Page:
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FOP is back in court seeking to block Philly police misconduct disclosures

DA Larry Krasner sought a contempt finding against the Philadelphia police for withholding records of police misconduct. Now, the DA and police are working toward an "amicable resolution."

Philadelphia Police Commissioner Danielle Outlaw (left) listens as District Attorney Larry Krasner speaks during a news conference in a January 2021 file photograph.
Philadelphia Police Commissioner Danielle Outlaw (left) listens as District Attorney Larry Krasner speaks during a news conference in a January 2021 file photograph.Read moreTIM TAI / Staff Photographer

It seemed District Attorney Larry Krasner’s approach to transparency — a promise his office has attempted to fulfill by maintaining a police misconduct database — was on trial this week.

A state appellate court affirmed that his office does have a duty to track that information and disclose it to defense lawyers in affected cases. But the verdict on how to do so while protecting the rights of police officers is not yet in.

On Tuesday, a Pennsylvania Commonwealth Court opinion effectively revived a lawsuit by the Fraternal Order of Police Lodge 5, the Philadelphia police officers’ union, that alleged the DA violated their basic rights by creating a “Do Not Call” list — that is, a list of officers the DA would not call as witnesses in court because of potential questions about their credibility.

However, at a Wednesday news conference, Krasner offered a different reading of the opinion: “We won,” he said.

The court reiterated that the DA does have an obligation to obtain and disclose information on police misconduct. But, it said, police officers also have due-process rights that must be protected.

» READ MORE: Three ex-Philly homicide detectives charged with perjury for their testimony during the retrial of an innocent man

And Wednesday, Judge Lucretia Clemons, the supervising judge for the criminal trial division in Philadelphia Common Pleas Court, was set to hold a hearing on motions by the DA to find the Police Department in contempt for failing to provide subpoenaed personnel files in six cases. The DA said the police had routinely failed to adequately disclose such information, often heavily redacting disclosures or providing only brief, one-page summaries of extensive Internal Affairs investigations.

Krasner said such documents were routinely shared with prior administrations because they “were cover-up organizations for police misconduct.” He said asking judges to enforce and monitor such requests represents a last-ditch effort after repeated requests over more than three years were unsuccessful.

The Police Department had attempted to preempt the hearing before Clemons by asking the Pennsylvania Supreme Court to exercise its King’s Bench authority — a long-shot request for the state’s high court to intervene. The department argued it was necessary given that thousands of cases could be affected.

On Friday, though, the state’s highest court rejected the petition. (Three justices dissented, saying the DA’s “potential serious abuse of the subpoena process” demanded an urgent response.)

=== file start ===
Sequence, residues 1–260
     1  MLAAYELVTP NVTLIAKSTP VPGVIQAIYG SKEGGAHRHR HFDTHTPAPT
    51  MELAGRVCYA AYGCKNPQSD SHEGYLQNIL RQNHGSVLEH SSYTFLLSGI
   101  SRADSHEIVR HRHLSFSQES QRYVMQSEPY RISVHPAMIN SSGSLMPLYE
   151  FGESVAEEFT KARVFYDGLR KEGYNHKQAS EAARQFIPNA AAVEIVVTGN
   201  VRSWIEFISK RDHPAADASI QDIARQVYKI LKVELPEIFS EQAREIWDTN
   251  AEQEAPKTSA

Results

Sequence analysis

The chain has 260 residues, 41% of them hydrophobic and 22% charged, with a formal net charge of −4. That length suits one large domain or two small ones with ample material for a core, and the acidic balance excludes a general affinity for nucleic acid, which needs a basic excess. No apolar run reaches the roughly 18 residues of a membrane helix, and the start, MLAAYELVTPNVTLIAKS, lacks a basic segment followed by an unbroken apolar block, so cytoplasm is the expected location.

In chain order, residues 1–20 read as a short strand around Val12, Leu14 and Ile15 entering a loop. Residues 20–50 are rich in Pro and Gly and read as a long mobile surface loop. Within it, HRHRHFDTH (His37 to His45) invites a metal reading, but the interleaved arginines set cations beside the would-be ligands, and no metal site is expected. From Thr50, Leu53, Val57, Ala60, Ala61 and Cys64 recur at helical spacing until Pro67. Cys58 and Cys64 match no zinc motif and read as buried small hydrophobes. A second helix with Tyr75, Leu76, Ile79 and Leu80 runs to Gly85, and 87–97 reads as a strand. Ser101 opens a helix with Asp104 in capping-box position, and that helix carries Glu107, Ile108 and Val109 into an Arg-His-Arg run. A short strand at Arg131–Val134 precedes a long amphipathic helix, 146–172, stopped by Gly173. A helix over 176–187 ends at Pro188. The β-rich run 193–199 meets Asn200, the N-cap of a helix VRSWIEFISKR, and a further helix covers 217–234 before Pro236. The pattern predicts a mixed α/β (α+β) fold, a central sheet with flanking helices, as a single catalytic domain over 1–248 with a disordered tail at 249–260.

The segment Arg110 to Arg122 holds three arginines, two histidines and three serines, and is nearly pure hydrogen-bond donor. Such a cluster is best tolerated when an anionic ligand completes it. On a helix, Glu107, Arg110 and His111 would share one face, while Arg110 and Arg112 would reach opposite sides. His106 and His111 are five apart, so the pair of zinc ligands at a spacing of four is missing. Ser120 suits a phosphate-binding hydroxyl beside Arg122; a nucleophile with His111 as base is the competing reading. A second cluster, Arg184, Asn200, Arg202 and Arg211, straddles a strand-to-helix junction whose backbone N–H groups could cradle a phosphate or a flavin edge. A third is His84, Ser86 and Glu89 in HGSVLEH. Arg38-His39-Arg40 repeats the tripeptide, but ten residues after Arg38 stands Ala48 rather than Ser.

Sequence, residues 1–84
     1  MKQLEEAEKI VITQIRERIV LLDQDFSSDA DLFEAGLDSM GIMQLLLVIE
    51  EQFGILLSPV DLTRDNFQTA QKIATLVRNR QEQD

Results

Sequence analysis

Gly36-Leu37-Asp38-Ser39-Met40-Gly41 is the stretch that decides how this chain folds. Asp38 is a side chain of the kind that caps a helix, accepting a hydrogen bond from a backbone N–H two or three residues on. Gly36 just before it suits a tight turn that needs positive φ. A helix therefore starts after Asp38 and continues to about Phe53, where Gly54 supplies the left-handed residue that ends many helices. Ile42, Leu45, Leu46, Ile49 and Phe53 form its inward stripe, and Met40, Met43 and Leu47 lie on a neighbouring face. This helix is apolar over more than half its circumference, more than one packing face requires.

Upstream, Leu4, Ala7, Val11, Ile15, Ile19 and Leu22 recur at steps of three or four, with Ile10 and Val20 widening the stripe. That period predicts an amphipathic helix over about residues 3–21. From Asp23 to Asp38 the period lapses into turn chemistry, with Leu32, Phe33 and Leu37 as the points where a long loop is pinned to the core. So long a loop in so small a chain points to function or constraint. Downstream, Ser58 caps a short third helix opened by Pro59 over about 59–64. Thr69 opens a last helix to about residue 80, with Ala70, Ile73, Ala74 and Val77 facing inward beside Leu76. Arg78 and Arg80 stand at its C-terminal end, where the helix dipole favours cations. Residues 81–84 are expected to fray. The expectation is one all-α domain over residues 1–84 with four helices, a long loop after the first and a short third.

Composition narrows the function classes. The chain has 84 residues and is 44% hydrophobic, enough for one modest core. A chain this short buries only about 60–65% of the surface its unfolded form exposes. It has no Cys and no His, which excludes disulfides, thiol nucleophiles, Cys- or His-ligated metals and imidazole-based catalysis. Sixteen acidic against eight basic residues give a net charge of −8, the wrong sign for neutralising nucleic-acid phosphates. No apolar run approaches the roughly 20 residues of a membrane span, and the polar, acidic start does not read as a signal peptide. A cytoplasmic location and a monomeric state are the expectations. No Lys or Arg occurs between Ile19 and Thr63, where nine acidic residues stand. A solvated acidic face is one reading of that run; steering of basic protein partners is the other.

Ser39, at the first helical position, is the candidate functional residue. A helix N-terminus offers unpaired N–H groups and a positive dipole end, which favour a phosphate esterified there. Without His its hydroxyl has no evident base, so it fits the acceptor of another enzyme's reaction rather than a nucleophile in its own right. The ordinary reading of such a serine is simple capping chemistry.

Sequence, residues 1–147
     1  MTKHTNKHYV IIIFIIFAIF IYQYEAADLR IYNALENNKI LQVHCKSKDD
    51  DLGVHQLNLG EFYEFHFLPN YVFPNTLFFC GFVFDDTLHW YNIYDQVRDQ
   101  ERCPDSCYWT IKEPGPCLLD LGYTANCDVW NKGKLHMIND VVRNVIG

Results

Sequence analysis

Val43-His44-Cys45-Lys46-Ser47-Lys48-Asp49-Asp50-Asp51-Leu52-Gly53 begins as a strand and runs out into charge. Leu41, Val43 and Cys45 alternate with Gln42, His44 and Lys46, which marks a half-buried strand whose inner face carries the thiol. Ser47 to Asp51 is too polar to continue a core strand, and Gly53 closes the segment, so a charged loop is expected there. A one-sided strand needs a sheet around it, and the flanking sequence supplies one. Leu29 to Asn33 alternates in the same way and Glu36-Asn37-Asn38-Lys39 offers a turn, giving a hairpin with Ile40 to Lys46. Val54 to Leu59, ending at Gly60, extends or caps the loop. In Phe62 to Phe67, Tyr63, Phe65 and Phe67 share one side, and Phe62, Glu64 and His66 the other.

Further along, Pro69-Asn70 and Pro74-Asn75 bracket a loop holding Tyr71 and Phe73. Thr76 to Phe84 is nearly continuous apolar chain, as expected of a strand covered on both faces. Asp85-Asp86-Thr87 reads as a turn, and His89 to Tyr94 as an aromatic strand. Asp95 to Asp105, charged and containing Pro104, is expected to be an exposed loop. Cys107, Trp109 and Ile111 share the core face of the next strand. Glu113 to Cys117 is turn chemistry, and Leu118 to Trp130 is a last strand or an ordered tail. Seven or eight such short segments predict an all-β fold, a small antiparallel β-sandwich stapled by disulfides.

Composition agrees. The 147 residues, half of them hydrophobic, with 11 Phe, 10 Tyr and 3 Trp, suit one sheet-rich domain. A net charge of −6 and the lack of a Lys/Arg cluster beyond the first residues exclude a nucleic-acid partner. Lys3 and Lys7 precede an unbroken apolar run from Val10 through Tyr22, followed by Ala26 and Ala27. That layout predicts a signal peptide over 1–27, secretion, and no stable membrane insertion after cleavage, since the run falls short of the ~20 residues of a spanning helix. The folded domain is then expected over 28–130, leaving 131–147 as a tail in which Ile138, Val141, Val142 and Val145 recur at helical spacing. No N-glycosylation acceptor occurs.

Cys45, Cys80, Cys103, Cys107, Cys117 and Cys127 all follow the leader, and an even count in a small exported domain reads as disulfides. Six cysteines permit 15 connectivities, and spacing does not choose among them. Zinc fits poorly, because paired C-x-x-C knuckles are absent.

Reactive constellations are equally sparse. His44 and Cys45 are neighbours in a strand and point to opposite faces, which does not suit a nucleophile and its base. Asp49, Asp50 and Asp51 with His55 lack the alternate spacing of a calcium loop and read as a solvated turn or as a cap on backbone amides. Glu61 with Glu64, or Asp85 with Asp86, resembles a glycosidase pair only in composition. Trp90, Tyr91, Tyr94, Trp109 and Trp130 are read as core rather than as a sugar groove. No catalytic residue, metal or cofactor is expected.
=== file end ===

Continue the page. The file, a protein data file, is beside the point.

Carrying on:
So, the proceedings before Clemons appeared to take a different tone.

“We might be able to resolve these matters amicably,” Clemons said, canceling the hearing after hours of discussion with lawyers in her chambers. That is, the parties would work toward a settlement.

A Police Department spokesperson, Eric Gripp, said the department recognizes its obligation to give prosecutors information about known misconduct, and does so when requested. A lawyer contracted to represent the department, Peter Carr, did not respond to a request for comment.

Meanwhile, the FOP lawsuit regarding the “Do Not Call” list will return to Common Pleas Court. Now, the court has guidance from the appellate court, emphasizing that it must find a solution that recognizes both the DA’s disclosure obligations and the officers’ “fundamental right to protect their reputations.” That, the court noted, means providing advance notice of any misconduct disclosure and access to an impartial tribunal where officers can challenge their placement on the list.

The DA’s Office says that lawsuit is misguided, noting the DA doesn’t maintain a “Do Not Call” list. Instead, it keeps a database of misconduct by about 700 current and former officers. That information is then disclosed when appropriate to defense lawyers, or used to inform prosecutors’ decisions about whether to call an officer as a witness.

» READ MORE: One case exposed decades of misconduct by Philadelphia homicide detectives. How many more are tainted?

Patricia Cummings, chief of the DA’s Conviction Integrity Unit, called the appellate court’s decision an “affirmation of what we’ve been saying all along: We have constitutional obligations to disclose this information.”

She said the DA’s Office had always had a process by which officers are informed of their inclusion in the database and given an opportunity to dispute or correct any factual misrepresentations.

John McNesby, the police union president, said a goal is to make sure officers who are cleared of wrongdoing are not unduly stigmatized.

“There’s got to be some kind of fair playing field,” McNesby said. He added, ”There’s got to be some kind of structure where they’re put on the list ... [but] some remedy also to be taken off.”

Staff writer Chris Palmer contributed to this article.